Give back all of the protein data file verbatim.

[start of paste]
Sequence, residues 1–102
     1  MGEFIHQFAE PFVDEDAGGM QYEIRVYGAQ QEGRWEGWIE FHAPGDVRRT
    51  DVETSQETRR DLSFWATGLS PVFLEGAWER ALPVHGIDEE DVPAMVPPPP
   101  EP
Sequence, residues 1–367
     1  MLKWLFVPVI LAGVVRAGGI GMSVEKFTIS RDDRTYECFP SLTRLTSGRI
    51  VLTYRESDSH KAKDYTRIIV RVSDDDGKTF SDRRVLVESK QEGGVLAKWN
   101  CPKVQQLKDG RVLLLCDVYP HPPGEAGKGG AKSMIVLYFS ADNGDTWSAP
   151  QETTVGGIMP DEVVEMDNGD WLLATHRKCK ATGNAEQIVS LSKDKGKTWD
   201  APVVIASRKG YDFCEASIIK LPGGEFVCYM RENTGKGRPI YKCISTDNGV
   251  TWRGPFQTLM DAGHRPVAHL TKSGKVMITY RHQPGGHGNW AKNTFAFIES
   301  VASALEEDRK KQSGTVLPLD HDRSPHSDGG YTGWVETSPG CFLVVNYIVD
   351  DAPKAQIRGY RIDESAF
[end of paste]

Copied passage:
Sequence, residues 1–102
     1  MGEFIHQFAE PFVDEDAGGM QYEIRVYGAQ QEGRWEGWIE FHAPGDVRRT
    51  DVETSQETRR DLSFWATGLS PVFLEGAWER ALPVHGIDEE DVPAMVPPPP
   101  EP
Sequence, residues 1–367
     1  MLKWLFVPVI LAGVVRAGGI GMSVEKFTIS RDDRTYECFP SLTRLTSGRI
    51  VLTYRESDSH KAKDYTRIIV RVSDDDGKTF SDRRVLVESK QEGGVLAKWN
   101  CPKVQQLKDG RVLLLCDVYP HPPGEAGKGG AKSMIVLYFS ADNGDTWSAP
   151  QETTVGGIMP DEVVEMDNGD WLLATHRKCK ATGNAEQIVS LSKDKGKTWD
   201  APVVIASRKG YDFCEASIIK LPGGEFVCYM RENTGKGRPI YKCISTDNGV
   251  TWRGPFQTLM DAGHRPVAHL TKSGKVMITY RHQPGGHGNW AKNTFAFIES
   301  VASALEEDRK KQSGTVLPLD HDRSPHSDGG YTGWVETSPG CFLVVNYIVD
   351  DAPKAQIRGY RIDESAF